- Content creators
- Content reviewers
- Community managers
- Social media policy
- Editorial calendar
Compliance: Playing By The Rules
Compliance factors into every sound content marketing strategy, because it’s a constant challenge for financial marketers. Considering the many compliance rules and regulations in play, your content marketing team may feel hamstrung from the start. The regulatory roadblock can compound the marketing team’s challenge, since there is already a stigma associated with financial services not being the most sensational subject matter. However, compliance doesn’t have to be a source of angst when thoughtfully incorporated into the entire content marketing process. Moreover, the same creativity that goes into crafting the actual content should be applied to planning for compliance. A successful content marketing team should brainstorm the best ways to present information while staying compliant with the regulations enacted by the Financial Industry Regulator Authority (FINRA) and the Financial Services Authority (FSA).
When it comes to compliance, the content marketing team should focus more on what they can do, rather than what they can’t say. In best-case scenarios, your content marketing team works directly with your institution’s compliance department to get the legal team excited about the risk/reward opportunity for the bank or credit union. The collaboration yields smart ways to get valuable messages across to an audience without breaking any rules. Clever placement and linking to full disclaimers can make the user experience less intimidating and more interesting. When regulatory concerns are kept in mind throughout all of the content marketing phases, the revision and approval process is less daunting without hampering creativity.
Compliance issues to keep in mind for content marketing are below:
- Legal team
- Regulatory regulation
Curation: Supporting Your Content Strategy
Once the content marketing plan is finalized, marketing needs to work with the team to curate the content. Content curation involves collecting, sorting, and assessing marketing materials, often in a digital format. Market research, social listening and data analysis provide invaluable intelligence on how financial audiences want content to be delivered and which types are most digested. Your institution likely maintains a wealth of data analytics. This is ideal for identifying what kind of content is working, as well as turning statistics into useful content, such as infographics. The curation process determines what content already exists from your institution and what is needed to support the content marketing strategy. Does your bank or credit union have any content that can be repurposed? Recent and relevant information is consumed readily by audiences, whereas dated content is not. A shelf life of under one year is recommended for reheating content. The curator should examine the existing content to see what’s worthy of re-using. In doing this, gaps in content are identified. Next, you will need to figure out how to fill these holes in messaging while adhering to your institution’s value proposition.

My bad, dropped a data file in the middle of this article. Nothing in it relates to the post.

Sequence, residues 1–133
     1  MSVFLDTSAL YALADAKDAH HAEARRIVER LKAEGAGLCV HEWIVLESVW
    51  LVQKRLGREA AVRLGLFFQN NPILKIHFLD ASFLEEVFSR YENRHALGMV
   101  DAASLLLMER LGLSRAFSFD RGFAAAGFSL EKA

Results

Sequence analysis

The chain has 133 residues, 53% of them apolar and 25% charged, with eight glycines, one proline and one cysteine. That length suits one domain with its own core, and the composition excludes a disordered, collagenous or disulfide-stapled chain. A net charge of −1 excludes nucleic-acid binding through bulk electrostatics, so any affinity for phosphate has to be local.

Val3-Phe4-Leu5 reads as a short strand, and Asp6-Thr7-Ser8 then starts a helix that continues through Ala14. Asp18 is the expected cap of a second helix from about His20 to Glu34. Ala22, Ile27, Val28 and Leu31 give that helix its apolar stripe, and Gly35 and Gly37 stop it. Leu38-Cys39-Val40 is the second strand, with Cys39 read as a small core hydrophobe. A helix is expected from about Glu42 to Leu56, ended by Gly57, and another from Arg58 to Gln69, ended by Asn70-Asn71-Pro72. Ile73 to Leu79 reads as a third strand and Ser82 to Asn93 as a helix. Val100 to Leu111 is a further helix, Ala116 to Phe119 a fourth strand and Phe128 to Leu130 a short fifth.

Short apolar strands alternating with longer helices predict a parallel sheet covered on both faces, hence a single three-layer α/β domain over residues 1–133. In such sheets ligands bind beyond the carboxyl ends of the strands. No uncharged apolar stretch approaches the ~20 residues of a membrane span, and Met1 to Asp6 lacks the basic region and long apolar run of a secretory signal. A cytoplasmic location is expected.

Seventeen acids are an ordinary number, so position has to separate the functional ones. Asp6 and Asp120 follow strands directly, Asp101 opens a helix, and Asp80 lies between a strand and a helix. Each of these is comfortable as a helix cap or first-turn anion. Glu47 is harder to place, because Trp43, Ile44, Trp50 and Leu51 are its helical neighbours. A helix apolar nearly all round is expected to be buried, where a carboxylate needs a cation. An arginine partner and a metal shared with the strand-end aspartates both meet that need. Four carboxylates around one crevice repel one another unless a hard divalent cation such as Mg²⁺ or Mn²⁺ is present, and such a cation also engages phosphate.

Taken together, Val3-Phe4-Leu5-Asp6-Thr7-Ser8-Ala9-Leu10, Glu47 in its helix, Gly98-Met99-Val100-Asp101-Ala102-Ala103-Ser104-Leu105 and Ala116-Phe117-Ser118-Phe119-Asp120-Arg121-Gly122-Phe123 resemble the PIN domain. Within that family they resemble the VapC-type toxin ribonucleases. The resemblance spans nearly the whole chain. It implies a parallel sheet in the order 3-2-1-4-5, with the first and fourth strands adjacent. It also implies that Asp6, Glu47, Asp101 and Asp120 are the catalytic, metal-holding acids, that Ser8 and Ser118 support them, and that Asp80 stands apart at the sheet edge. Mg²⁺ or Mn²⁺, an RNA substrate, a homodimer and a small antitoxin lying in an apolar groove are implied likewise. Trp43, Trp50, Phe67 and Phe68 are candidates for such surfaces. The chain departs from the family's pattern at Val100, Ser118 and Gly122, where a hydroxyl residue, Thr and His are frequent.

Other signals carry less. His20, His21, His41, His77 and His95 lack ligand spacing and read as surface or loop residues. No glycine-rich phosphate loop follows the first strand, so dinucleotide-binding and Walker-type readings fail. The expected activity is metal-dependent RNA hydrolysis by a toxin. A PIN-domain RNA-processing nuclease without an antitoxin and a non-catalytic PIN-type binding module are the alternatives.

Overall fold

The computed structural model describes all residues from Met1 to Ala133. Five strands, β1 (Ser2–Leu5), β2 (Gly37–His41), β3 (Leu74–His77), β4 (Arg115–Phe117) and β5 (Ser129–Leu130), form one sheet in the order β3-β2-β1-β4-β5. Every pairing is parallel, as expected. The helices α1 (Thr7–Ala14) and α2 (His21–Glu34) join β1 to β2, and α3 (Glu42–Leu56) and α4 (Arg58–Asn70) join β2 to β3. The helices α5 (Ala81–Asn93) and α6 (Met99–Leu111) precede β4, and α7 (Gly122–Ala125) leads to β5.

While some banks and credit unions turn to third-party content providers, particularly for financial education, original content is always best. Savvy consumers want to hear directly from your institution, which in turn builds trust and credibility. So, even in cases when your institution is sharing content that is not uniquely your own, it is important to add personalized commentary on top. Preface the sourced material with the point of view of your institution, and be sure to credit the source. Once the right material is discovered or developed, the content curation team decides the best ways to separate content along different channels. For example, a white paper can be turned into a three-part blog series with stat-heavy tweets, a pinnable infographic and more content-generating opportunities. This content allocation picks up from the content analysis performed in the planning phase. A skilled content curator will mine good content, determine what is useful or is lacking and review what information and types of content are most consumed by your target audiences.
Steps to content curation, include:
- Collect marketable information
- Audit existing material
- Research new subject
- Credit all sources
- Add appropriate context
- Organize for distribution
- Analyze what’s working
Channels: Delivering Content Appropriately